Tl;dr: the presence of unload event listeners is a primary blocker for back/forward cache on Chromium based browsers and for Firefox on desktop platforms. On the other hand, for mobile platforms, almost all browsers prioritize the bfcache by not firing unload events in most cases. To improve the situation, we’ve been working with lots of partners and successfully reduced the use of unload event listeners over the last few years. To further accelerate this migration, we propose to have Chrome for desktop gradually skip unload events. If this call for feedback doesn’t unearth critical showstoppers and if the proposal makes it through the blink process, the behavior change could be starting from M114 at the earliest (note: beforeunload will remain unchanged). We’d like feedback on this plan, in particular use cases that don’t yet have a viable alternative.
This is a call for feedback about a tentative plan regarding unload events. Our goal is to identify use cases for which there isn’t any good alternative to unload events, and would therefore prevent this plan from moving forward.
The unload event is extremely unreliable. It is ignored in most cases by all mobile browsers with the exception of Firefox on Android. Furthermore, in Safari, the unload event is ignored on both desktop & mobile platforms. In addition to being unreliable, the presence of unload event listeners on a page is a major back/forward cache blocker on desktop for Chromium browsers and Firefox. Based on Chrome stats, we believe that unload event listeners reduce bfcache’s ability to deliver instant back/forward navigation by ~18 percentage points (hit-rate).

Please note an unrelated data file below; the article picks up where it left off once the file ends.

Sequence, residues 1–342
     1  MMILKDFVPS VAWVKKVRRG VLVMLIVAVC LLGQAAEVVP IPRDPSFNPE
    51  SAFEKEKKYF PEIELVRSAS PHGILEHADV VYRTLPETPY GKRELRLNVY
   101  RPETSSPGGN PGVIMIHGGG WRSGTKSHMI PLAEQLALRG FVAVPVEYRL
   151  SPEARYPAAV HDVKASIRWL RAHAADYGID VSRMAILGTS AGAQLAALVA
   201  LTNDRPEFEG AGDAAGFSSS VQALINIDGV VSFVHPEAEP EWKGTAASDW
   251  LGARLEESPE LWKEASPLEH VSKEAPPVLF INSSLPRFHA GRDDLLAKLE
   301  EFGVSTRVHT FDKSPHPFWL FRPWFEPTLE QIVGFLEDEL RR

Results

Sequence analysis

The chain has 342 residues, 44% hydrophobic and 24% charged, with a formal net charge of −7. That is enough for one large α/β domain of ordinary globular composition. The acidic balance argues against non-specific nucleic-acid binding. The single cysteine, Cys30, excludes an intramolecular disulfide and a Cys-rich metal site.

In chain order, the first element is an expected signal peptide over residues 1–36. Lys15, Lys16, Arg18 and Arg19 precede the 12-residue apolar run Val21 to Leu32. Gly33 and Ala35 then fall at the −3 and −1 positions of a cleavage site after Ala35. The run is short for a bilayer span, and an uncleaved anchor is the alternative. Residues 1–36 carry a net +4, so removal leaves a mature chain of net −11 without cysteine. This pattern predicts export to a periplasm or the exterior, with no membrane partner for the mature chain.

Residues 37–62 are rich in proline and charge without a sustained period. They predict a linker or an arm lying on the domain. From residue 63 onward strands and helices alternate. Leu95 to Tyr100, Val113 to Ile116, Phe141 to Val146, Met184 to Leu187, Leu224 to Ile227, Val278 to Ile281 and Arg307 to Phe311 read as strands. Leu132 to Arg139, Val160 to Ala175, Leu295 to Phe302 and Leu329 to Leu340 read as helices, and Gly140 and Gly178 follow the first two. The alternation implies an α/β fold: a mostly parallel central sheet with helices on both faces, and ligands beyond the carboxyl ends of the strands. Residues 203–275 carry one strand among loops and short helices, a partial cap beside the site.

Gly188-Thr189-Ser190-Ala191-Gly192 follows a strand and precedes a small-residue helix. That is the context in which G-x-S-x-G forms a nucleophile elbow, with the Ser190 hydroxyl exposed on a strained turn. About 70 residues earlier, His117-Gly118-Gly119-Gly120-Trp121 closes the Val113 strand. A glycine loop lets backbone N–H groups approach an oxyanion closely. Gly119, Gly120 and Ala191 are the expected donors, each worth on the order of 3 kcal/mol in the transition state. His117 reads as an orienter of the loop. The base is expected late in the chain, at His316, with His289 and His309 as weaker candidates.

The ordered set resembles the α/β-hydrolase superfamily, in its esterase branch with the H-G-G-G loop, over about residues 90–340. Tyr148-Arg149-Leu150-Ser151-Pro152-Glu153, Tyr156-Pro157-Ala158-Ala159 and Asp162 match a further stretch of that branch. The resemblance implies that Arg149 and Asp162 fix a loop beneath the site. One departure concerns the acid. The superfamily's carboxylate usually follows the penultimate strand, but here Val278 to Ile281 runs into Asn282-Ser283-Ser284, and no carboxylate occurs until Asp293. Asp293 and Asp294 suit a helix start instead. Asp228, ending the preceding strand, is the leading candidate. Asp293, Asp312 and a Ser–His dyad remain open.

Over the course of 2021~2022, we ran a large collaborative effort to reduce the usage of unload event listeners, in particular across popular third parties. We’ve seen great progress with many sites and third parties having already completed their migration.
Given how unreliable unload events are, the potential user experience upsides, and the great progress achieved by the ecosystem on switching away from unload, we’d like to help accelerate the migration by gradually skipping unload events on Chrome for desktop.
👉 Please note that beforeunload will remain unchanged as this event doesn’t have reliability issues and doesn’t block BFCache. 👈